A Grim Assessment Of U.S.-Iran Tensions

Speaking to an adoring audience at the annual summit of the far-right Christians United for Israel (CUFI), Secretary of State Mike Pompeo assured the audience that the Trump administration was determined to continue ratcheting up pressure on Iran.

“The ayatollahs have grievously deprived the Iranian people of that most basic, simple, fundamental right, their right to worship,” Pompeo told the evangelical crowd. “That same twisted, intolerant doctrine that fuels persecution inside Iran has also led the ayatollah and his cronies to cry out, quote, ‘death to Israel’ for four decades now.”

Pompeo went on to tell the crowd that, were it not for the Trump administration’s efforts to strangle the economy, Iran would have greatly bolstered its efforts to destroy Israel, something it has never attempted in all those four decades. Ominously, he added, “You know the stories, but we’ve implemented the strongest pressure campaign in history against the Iranian regime, and we are not done.” Read more at LobeLog

To Hell With Europe

Watching American news coverage of the 2019 G20 summit in Osaka last weekend, you could forgive audiences in the United States for thinking there were no Europeans represented.

President Donald Trump was mostly seen with Russian President Vladimir Putin, Chinese Premier Xi Jinping, and Saudi Crown Prince Mohammed Bin Salman.

Other than a few random hellos with French President Emmanuel Macron and a brief meeting with German Chancellor Angela Merkel, Europe didn’t seem to get any of the admittedly limited space in the president’s mind, and the networks duly followed suit. Read more at The Battleground`

Trump Against Iran

The image of an oil tanker burning in the Gulf of Oman is a stern warning of the potential for war in the Middle East, as tensions continue to rise between the UnitedS States and Iran.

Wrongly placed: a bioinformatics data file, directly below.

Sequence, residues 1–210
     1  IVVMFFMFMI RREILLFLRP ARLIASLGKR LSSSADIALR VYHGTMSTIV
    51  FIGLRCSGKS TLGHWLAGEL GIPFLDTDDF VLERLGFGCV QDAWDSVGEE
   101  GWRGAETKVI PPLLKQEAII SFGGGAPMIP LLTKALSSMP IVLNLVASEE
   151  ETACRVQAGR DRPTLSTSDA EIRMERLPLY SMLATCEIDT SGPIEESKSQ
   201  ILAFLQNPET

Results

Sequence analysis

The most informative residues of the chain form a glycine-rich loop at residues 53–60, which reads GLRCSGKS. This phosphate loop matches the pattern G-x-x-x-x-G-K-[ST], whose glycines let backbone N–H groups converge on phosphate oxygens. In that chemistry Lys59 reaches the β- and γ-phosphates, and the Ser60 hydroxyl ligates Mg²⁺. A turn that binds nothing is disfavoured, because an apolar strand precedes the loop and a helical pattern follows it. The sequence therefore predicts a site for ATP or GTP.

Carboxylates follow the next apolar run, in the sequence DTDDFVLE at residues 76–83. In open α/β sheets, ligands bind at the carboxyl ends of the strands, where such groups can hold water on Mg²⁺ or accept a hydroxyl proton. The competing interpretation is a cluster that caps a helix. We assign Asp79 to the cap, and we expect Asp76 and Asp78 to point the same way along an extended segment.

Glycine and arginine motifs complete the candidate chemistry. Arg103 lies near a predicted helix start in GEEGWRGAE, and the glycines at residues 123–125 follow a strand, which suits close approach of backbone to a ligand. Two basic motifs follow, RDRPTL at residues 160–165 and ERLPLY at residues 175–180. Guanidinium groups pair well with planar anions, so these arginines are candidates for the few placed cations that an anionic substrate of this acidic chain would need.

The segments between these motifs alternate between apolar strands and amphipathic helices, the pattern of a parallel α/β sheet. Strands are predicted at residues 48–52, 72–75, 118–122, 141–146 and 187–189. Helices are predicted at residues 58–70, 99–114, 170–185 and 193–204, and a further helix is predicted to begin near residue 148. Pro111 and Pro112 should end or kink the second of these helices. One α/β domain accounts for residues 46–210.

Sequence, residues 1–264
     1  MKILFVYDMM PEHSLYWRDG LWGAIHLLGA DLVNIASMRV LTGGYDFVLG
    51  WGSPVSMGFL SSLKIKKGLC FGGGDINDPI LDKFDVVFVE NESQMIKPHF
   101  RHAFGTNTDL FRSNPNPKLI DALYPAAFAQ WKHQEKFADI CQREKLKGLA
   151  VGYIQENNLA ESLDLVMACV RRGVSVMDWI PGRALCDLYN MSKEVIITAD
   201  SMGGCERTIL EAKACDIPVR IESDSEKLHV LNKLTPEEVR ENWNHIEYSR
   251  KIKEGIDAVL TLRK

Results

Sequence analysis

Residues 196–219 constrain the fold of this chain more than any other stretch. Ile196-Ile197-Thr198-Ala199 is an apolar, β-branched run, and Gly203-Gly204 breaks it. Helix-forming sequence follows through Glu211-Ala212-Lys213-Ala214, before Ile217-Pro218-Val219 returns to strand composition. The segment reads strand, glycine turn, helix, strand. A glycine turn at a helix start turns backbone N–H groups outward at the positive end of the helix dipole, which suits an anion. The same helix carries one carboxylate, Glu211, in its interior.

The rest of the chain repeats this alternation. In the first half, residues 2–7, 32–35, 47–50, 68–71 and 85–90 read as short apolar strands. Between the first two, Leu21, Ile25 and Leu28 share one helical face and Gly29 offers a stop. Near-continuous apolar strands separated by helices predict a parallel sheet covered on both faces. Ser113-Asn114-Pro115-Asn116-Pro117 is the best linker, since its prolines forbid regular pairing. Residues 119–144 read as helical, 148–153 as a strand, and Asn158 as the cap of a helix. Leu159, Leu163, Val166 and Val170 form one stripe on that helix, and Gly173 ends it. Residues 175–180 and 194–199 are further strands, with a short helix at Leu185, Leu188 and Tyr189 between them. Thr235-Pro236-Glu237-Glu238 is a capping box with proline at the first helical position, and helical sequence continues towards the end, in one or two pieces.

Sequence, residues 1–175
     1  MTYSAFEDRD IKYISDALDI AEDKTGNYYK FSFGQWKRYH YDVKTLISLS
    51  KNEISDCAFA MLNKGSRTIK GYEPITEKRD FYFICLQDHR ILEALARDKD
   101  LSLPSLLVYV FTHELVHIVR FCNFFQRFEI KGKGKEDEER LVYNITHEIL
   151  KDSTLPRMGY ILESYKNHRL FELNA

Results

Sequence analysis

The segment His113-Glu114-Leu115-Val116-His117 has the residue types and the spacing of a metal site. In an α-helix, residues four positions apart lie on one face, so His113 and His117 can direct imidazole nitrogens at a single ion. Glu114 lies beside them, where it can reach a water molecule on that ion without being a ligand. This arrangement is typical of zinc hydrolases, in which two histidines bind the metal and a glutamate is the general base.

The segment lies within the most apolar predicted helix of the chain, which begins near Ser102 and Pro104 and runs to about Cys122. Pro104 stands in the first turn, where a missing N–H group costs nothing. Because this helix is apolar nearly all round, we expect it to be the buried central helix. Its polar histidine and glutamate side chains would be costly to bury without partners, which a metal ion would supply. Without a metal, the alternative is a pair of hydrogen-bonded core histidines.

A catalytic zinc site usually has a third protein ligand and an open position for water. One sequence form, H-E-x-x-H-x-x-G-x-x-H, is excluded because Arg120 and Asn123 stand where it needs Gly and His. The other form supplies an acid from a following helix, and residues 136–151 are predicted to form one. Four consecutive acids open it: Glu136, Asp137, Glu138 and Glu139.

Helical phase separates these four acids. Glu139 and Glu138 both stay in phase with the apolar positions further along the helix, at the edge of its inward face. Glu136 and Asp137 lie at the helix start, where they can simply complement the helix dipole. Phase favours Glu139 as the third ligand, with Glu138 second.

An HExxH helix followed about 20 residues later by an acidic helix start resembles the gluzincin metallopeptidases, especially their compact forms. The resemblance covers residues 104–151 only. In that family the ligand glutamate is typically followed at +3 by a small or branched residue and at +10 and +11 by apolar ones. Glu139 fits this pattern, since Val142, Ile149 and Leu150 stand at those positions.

While few want a confrontation, those that do — including elements in the administration of Donald Trump, and significant parts of the leaderships in Saudi Arabia, the United Arab Emirates, and Israel, as well as some Iranian hardliners — are well-positioned to make one happen.

After the US rushed to blame Iran for the latest attacks on tankers in the Gulf, the European Union issued a statement calling for “maximum restraint” from all parties.

The phrase was a deliberate jab at Washington and its “maximum pressure” strategy with Iran, a failing policy with potentially grave consequences.

Whether or not Iran was behind these attacks, as well as the previous acts of sabotage in May, Europe is striking the right tone in pressing for calm to avoid a third Gulf war. Read more at The Battleground

The Palestine Problem

“Israel is outraged over the legislation against it in the Dail which is indicative of hypocrisy and anti-Semitism.” That was the statement from the office of Israeli Prime Minister Benjamin Netanyahu after the lower house of the Irish parliament advanced a bill in late January that would make it illegal for anyone in Ireland to buy goods or services from Israel’s settlements in the West Bank.

No one should underestimate Israel’s genuine anger at this bill and at the widespread support it has in Ireland. Any hint of economic pressure to end its 51-year old occupation of the West Bank and Gaza Strip provokes a strong, visceral reaction from the Likud premier. At the same time, the Israeli government carefully orchestrates its reaction to the threat of economic action to ensure that it never has to face it.

Netanyahu understands the Irish bill will fail. The government opposes it, if for no other reason than the fact that it contravenes European Union laws requiring all member states to uphold the unitary nature of the single market. But he also understands the real meaning behind the bill and its success: the people of Ireland want to see Israel face the consequences of its disregard of international humanitarian law, and its abandonment of even the pretence of negotiating a two-state solution, in the hope that those consequences will make Israel change course. Read more at The Battleground

Abbas Fails Again

From the time he took over the leadership of the Palestinian Authority and the Palestine Liberation Organization (PLO), it was obvious that Mahmoud Abbas was going to have a difficult road ahead of him. Replacing Yasser Arafat, the charismatic leader of the Palestinian national movement was tough enough. But, among other challenges, Abbas had to wind down the second intifada without destroying the PLO, try to restore some of the faith Arafat had squandered with his autocratic tendencies, cronyism and human rights abuses, and walk the impossible tightrope of fighting against the Israeli occupation while working with Israel under the terms of the Oslo Accords.